Floodwater is usually dirty, and can contain sewage, chemicals and other contaminants. You’ll need to disinfect thoroughly any areas affected by floodwaters, to avoid infection. Wear protective clothing when you’re doing this. 

Don’t be tempted to throw away damaged furniture, carpets and other belongings until your insurance company has given you the go-ahead. 

Dry out your home
Before you move back into your home and start redecorating, your home will need to dry out completely. This may take several weeks, or even months, depending on the severity of the flooding and the materials your home is made from. 

Start repairing damage and redecorating
Depending on the extent of the damage, you (or your landlord if you’re renting) may need to get a builder, structural engineer or surveyor in to look at your home and advise you on what repair work needs doing. 

Homeowners must get the go-ahead from their insurers before hiring any contractors. Most insurance firms have a list of approved builders, joiners and other contractors, but you can choose other contractors if you wish. It’s worth remembering that, in the event of any dispute over the work, it’ll be easier to sort things out if you’ve hired a contractor approved by the insurance company. 

Watch out for companies taking advantage of the situation and touting for business from door to door in areas hit by floods. It’s important that any contractors you hire are experienced in restoring properties damaged by flooding. They will ensure that the work is done safely and hygienically, and can offer you advice on making your home more flood resistant for the future.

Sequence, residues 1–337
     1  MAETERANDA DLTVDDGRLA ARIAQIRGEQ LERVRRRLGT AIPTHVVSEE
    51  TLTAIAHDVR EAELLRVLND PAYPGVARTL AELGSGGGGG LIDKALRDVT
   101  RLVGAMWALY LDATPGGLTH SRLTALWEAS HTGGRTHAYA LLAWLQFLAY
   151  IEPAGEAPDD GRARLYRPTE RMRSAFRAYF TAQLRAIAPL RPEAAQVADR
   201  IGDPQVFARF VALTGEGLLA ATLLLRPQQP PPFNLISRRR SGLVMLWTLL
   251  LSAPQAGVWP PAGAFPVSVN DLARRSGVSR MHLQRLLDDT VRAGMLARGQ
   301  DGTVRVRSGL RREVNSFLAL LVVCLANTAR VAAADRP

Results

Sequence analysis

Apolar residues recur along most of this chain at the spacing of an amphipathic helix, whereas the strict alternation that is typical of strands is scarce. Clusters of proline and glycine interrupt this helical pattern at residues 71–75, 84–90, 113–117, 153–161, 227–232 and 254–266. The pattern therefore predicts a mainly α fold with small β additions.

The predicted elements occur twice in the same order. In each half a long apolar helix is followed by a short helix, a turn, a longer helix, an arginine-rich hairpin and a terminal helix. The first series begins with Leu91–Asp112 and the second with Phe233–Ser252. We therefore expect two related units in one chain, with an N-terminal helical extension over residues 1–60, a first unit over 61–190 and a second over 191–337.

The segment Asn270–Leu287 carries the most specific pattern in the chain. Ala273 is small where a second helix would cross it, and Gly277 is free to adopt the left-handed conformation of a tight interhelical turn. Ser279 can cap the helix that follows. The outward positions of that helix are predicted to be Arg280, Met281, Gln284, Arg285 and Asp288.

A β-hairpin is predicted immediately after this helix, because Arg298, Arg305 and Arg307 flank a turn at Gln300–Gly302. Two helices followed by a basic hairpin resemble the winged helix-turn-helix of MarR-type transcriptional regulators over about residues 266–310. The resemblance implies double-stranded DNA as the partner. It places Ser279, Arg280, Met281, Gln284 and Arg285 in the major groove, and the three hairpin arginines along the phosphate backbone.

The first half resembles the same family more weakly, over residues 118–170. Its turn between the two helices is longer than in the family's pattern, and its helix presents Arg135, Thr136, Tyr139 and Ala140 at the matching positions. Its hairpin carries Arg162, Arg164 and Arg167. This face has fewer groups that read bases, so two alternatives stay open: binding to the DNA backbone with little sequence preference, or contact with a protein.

Get gas and electricity systems checked
It’s very important that you get your electrical and gas systems checked by a registered contractor before you attempt to use them. Even if they appear to work, they may have been damaged by water or mud, and could be dangerous.

Repairs after a flood 

If you rent your home, your landlord will be responsible for most repairs to the property. 

Your landlord’s buildings insurance could cover flood damage to your home. 

Your landlord can repair your home so that it’s fit for you to live in again. This could take some time if major works are needed. 

In extreme situations, your landlord could decide not to repair a flood damaged home. Get advice if this happens to you. 

If you have to move out
You may have to move out of the house you rent while essential repairs are being done. 

If you do have to leave your home, get your landlord’s agreement in writing to confirm that: 

  • you had to move out due to flooding 
  • you’ll be able to move back after repairs are finished